I'd love it if you would stop by the Fire blog and check it out.

I have been doing a bit of "traditional" piecing; I've missed it. I find that it allows me to rest the creative part of my brain. (It needs a rest every now and then.) I'm doing the 365 Challenge--just VERY basic piecing. Here are the blocks I got finished at my last retreat. These are all supposed to use dark/dark, dark, or medium dark fabrics. If you check out the 365 Challenge sampler, you will see that these dark blocks will be used for an inner border.

I also made a checkerboard for the first part of a quilt along called "Play with Me." This quilt along is a wonderful skill builder that features a variety of game boards. It is set up so that each month a different technique (with step-by-step instructions) is featured.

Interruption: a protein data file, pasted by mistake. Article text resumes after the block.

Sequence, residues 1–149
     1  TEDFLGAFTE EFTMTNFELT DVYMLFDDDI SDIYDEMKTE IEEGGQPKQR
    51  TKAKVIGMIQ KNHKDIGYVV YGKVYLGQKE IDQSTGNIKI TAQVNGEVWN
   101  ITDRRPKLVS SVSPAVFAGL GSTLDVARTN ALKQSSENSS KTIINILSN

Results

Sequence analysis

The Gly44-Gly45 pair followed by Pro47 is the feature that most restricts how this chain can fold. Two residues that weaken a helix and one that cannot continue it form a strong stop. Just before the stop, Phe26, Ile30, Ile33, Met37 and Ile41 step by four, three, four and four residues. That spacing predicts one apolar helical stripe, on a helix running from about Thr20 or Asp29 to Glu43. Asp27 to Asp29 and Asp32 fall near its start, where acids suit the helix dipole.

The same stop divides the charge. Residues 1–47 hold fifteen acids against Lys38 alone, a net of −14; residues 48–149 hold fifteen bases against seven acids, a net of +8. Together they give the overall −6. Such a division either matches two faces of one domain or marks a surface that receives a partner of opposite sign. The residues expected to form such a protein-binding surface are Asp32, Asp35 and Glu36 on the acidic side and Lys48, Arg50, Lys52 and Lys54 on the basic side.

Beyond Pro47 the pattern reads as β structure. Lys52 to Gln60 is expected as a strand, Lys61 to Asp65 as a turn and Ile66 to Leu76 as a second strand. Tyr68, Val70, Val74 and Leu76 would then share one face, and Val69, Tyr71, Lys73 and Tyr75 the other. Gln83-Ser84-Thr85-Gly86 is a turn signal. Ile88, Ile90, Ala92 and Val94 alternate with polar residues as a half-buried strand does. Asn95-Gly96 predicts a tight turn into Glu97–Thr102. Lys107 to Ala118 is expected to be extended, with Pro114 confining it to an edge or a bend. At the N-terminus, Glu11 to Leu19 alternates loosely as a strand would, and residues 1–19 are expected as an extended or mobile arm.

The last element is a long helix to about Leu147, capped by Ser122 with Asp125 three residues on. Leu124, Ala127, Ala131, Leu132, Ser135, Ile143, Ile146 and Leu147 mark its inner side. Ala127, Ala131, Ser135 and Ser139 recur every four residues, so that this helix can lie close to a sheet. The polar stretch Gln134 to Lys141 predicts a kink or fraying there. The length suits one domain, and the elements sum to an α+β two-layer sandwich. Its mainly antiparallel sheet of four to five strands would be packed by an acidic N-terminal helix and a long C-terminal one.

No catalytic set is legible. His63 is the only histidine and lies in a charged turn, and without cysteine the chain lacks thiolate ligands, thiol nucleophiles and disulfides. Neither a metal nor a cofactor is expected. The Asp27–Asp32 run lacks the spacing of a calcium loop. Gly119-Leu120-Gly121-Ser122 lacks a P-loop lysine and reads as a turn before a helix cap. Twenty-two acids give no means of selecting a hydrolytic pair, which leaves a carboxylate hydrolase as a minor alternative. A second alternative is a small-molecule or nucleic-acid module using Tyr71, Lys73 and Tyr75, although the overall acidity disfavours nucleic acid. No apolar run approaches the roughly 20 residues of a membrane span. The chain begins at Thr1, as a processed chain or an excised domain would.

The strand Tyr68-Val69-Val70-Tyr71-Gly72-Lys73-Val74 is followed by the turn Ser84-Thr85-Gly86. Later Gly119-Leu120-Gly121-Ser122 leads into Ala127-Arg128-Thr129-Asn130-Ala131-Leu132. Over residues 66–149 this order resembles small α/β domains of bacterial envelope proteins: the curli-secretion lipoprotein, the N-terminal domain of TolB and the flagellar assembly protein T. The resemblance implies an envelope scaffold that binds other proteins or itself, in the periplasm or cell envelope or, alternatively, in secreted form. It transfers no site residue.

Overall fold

In this quilt along, you have to finish the pattern for the current month to get the next month's pattern free. I find this to be a good incentive for me to actually get each month's pattern finished. (If you hurry, you can still get it finished in time to get the second "block" pattern for free.) I'm making the travel version of each game board. I figure they will get a lot of use with all the grandchildren.

The finished checkerboard will be quilted and will contain a zippered pocket to store the game pieces. This clever design rolls up for travel. I had to ask a few questions about getting the PDF and linking up to the website, and Alida could not have been more helpful. She got right back to me with just what I needed.